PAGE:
The cases to which we were referred suggest various means of assigning a dollar value to the loss of capacity to earn income.  One method is to postulate a minimum annual income loss for the plaintiff's remaining years of work, to multiply the annual projected loss times the number of years remaining, and to calculate a present value of this sum.  Another is to award the plaintiff's entire annual income for one or more years.  Another is to award the present value of some nominal percentage loss per annum applied against the plaintiff's expected annual income.  In the end, all of these methods seem equally arbitrary.  It has, however, often been said that the difficulty of making a fair assessment of damages cannot relieve the court of its duty to do so.  In all the circumstances, I would regard a fair award under this head to be the sum of $40,000.00.

I have also reviewed the decisions of Heyes v. Lanphier [2003 BCSC 1126], and Rosvold v. Dunlop, 2001 BCCA 1 where the plaintiffs were each awarded $300,000.00 for the loss of opportunity.  The court in those cases and in particular Rosvold considered how long it would take the plaintiff to find employment and also the possibility that employment might not work out for him.  Mr. Kralik is willing to retrain and upgrade his language skills which he will need to do since he can no longer paint.

The defendant submitted that Mr. Kralik has to upgrade his language skills regardless of whether he was injured.  That is not so.  He was working in the construction industry with people from his own country where his language skills were adequate in order to earn income from that business.  In order to work at another job in Canada, he must be given the opportunity to upgrade those skills.  He may also upgrade his computer skills or he may try something entirely different.

His loss of capacity over his working life is similar to that of Rosvold and his age is also similar.  Although any figure the court arrives at is somewhat arbitrary, I looked at the $36,000.00 that Mr. Kralik was earning at the time the accident occurred, and applying the analysis of the Rosvold decision, I conclude that $300,000.00 is an appropriate award for loss of capacity over his working life which will likely be sometime past the age of 65.  [At paras. 156-59; emphasis added.]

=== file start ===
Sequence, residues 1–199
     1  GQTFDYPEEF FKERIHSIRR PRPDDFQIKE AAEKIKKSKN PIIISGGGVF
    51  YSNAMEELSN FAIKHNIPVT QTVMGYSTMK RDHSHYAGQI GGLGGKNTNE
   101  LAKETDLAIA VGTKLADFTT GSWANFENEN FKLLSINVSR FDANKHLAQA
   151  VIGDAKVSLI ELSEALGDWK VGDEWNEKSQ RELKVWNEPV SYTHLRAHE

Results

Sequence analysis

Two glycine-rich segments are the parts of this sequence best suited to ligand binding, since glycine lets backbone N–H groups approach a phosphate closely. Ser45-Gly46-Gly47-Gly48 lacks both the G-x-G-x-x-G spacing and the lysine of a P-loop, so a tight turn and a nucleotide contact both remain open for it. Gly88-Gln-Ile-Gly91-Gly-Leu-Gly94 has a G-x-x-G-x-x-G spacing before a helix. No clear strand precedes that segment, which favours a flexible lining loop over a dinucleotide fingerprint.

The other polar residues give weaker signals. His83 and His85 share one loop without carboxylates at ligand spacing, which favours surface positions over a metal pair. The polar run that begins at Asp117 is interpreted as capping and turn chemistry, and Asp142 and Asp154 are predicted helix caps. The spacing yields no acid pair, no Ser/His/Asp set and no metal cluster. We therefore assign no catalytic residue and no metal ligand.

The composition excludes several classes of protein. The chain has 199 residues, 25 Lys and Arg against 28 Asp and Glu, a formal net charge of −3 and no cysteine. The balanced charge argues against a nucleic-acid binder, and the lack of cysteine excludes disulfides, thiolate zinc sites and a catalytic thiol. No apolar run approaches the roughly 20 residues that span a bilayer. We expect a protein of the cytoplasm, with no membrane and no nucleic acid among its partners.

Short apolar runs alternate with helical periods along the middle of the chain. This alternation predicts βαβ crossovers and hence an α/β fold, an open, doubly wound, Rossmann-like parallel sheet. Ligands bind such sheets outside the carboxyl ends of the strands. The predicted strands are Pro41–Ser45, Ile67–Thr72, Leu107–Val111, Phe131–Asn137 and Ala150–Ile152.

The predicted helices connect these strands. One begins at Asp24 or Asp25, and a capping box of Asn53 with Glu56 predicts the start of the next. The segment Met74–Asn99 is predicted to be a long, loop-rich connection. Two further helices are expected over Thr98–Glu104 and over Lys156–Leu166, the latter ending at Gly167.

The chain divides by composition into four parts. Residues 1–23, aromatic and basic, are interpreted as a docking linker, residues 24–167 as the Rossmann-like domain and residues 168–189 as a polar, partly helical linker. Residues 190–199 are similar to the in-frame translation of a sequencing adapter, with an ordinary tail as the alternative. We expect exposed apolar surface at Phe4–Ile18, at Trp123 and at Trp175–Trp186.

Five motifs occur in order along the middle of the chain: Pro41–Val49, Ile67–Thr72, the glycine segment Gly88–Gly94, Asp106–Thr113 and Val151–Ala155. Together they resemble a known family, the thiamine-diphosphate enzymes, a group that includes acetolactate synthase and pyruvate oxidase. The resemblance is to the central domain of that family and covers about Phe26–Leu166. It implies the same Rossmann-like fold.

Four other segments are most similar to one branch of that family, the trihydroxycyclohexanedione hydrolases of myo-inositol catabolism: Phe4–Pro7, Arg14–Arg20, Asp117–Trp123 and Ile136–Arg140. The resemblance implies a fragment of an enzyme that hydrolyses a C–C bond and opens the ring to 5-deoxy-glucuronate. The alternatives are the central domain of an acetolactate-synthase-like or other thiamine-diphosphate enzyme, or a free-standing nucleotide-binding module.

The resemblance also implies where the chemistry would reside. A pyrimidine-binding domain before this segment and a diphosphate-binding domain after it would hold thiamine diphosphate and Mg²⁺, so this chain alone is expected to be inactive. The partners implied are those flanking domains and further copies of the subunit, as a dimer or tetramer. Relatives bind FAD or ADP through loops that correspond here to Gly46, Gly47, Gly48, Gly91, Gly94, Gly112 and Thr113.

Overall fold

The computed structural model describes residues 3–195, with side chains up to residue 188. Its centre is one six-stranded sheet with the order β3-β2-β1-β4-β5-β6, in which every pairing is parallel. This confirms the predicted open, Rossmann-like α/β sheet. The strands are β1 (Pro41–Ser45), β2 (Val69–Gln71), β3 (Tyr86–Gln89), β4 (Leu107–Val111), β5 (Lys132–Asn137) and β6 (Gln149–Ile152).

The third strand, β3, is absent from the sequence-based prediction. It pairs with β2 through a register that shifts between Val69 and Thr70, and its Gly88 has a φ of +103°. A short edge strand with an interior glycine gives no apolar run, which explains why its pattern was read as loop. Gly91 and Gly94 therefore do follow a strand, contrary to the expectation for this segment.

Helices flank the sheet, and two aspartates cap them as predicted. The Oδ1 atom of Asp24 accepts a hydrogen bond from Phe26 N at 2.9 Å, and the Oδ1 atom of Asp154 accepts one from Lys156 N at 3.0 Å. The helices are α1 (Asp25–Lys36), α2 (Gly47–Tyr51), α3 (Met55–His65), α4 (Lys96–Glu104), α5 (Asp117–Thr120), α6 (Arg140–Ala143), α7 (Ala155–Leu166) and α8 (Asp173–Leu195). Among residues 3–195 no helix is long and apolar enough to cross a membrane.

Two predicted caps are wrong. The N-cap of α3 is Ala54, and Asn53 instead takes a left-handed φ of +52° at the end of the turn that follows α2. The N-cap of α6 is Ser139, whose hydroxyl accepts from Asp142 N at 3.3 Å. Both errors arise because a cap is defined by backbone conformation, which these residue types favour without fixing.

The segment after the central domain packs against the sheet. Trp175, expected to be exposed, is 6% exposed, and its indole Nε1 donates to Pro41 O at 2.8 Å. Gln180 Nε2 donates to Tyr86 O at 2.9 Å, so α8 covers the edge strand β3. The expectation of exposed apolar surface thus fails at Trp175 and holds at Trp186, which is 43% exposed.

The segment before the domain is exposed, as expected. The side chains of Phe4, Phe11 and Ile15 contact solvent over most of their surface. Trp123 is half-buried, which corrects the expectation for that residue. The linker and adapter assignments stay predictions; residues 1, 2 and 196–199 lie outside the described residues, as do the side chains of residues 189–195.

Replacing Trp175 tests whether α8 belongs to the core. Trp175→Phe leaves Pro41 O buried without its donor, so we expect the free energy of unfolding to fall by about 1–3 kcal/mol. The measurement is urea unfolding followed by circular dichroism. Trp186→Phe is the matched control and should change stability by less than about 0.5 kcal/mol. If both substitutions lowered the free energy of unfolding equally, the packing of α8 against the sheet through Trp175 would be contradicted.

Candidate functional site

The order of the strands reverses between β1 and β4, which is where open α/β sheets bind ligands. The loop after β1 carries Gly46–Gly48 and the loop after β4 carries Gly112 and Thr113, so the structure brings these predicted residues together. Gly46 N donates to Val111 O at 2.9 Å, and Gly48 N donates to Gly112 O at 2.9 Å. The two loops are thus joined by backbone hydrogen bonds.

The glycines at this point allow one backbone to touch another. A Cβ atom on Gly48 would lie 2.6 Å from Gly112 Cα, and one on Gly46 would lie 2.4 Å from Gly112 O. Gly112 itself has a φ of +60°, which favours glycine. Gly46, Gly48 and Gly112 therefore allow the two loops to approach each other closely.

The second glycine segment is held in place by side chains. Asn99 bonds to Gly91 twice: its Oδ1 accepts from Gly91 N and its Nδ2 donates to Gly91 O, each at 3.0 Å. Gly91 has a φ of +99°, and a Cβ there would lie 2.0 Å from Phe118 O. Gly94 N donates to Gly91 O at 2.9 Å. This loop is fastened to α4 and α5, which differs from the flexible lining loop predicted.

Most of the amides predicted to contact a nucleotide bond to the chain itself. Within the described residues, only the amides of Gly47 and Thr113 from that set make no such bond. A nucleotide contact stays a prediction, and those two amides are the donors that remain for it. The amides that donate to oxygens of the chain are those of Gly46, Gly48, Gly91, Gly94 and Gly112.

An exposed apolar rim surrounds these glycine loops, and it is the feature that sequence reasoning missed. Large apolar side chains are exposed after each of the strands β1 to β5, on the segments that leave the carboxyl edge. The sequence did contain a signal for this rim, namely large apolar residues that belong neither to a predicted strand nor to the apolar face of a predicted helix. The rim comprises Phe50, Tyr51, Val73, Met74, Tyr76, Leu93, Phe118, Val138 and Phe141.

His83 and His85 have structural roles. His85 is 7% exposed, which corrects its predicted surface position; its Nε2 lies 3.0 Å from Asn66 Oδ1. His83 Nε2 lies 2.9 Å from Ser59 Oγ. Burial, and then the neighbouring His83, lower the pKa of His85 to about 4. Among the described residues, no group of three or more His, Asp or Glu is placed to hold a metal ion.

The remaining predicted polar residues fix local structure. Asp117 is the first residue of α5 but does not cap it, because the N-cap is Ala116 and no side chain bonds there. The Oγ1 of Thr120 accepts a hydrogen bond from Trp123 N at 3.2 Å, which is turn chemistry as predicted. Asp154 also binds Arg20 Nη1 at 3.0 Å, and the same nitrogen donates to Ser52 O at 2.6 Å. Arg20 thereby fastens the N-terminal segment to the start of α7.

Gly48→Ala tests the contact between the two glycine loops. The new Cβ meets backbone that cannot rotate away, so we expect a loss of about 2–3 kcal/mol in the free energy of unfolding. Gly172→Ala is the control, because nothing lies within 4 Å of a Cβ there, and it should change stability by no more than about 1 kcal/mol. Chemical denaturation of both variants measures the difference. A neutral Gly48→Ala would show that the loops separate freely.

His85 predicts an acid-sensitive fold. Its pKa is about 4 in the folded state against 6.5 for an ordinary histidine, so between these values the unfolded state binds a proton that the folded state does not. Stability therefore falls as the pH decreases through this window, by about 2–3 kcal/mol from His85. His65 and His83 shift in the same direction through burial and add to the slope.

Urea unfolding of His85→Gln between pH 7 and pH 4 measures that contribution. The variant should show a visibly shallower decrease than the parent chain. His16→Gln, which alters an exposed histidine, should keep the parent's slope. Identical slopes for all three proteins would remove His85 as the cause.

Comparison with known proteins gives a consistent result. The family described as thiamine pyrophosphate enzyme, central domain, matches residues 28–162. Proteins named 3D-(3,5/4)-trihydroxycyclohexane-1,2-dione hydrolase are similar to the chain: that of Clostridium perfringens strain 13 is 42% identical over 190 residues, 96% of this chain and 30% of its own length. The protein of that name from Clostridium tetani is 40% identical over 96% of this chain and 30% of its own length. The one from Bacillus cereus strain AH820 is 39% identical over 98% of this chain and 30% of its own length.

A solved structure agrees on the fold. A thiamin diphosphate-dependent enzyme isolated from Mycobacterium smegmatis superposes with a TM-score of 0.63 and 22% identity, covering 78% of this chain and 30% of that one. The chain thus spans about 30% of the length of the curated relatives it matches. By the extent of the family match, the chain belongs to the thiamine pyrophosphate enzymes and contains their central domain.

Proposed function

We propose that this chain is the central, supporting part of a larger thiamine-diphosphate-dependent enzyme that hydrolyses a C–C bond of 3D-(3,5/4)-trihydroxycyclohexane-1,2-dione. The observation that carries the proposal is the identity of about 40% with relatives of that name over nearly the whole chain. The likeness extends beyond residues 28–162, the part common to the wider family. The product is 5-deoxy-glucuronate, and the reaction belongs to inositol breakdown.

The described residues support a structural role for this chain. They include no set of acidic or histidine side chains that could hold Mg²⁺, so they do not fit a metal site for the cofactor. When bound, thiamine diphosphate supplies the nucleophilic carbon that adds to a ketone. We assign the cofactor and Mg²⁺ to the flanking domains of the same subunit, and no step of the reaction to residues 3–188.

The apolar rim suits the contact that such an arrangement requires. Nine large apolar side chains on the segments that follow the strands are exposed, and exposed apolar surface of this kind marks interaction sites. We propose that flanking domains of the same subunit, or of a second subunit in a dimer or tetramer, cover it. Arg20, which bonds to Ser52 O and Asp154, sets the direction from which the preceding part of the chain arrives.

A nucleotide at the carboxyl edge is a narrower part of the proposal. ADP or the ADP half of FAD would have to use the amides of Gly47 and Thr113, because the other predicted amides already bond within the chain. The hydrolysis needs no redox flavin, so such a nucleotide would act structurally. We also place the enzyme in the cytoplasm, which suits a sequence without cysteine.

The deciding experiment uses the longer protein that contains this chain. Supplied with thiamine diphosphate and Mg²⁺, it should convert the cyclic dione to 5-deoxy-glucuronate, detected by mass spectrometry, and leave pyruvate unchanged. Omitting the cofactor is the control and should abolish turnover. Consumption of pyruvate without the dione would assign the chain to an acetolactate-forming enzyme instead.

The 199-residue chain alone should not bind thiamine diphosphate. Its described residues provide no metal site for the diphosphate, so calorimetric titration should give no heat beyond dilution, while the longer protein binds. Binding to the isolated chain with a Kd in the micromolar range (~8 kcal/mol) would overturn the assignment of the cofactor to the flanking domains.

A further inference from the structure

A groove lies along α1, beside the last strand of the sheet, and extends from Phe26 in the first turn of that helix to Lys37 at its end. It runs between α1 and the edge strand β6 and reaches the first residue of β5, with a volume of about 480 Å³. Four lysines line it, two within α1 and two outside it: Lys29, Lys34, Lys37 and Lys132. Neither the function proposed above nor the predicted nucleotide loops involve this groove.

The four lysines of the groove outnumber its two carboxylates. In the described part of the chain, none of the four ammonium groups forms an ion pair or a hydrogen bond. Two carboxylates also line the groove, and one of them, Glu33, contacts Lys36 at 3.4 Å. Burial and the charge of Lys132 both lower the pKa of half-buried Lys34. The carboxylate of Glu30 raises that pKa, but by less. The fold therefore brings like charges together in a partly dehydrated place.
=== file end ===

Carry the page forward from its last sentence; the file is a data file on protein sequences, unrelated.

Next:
[15]            In addition, the trial judge awarded Mr. Kralik $75,000 for non-pecuniary damages, and $152,000 (less income actually earned post-accident) for his past income loss.  She dismissed his claims for mileage and extra care costs, and for punitive damages, for which she found no basis.



[16]            In their factum, the defendants argued that the findings of the court below that Ms. Melsness was not a truthful witness and that she had not stopped the lift, rested on “illogical and unreasonable grounds”.  At the hearing of the appeal, however, the defendants abandoned this ground, as well as an argument based on what was referred to as the “clear line doctrine” – an argument that would seem to be indistinguishable from the “last clear chance” principle of causation, long since discredited.  The defendants did submit, however, that even accepting that Ms. Melsness had not stopped the chairlift, that failure did not cause Mr. Kralik’s injury.  Counsel for the defendants acknowledged that normally, if he were to succeed on this point, the defendants would not be liable for any portion of Mr. Kralik’s damages; but since correspondence had passed between counsel in which the defendants stated they would not seek an order on appeal allocating greater than 75% responsibility to the plaintiff, the defendants would accept liability to the extent of 25%.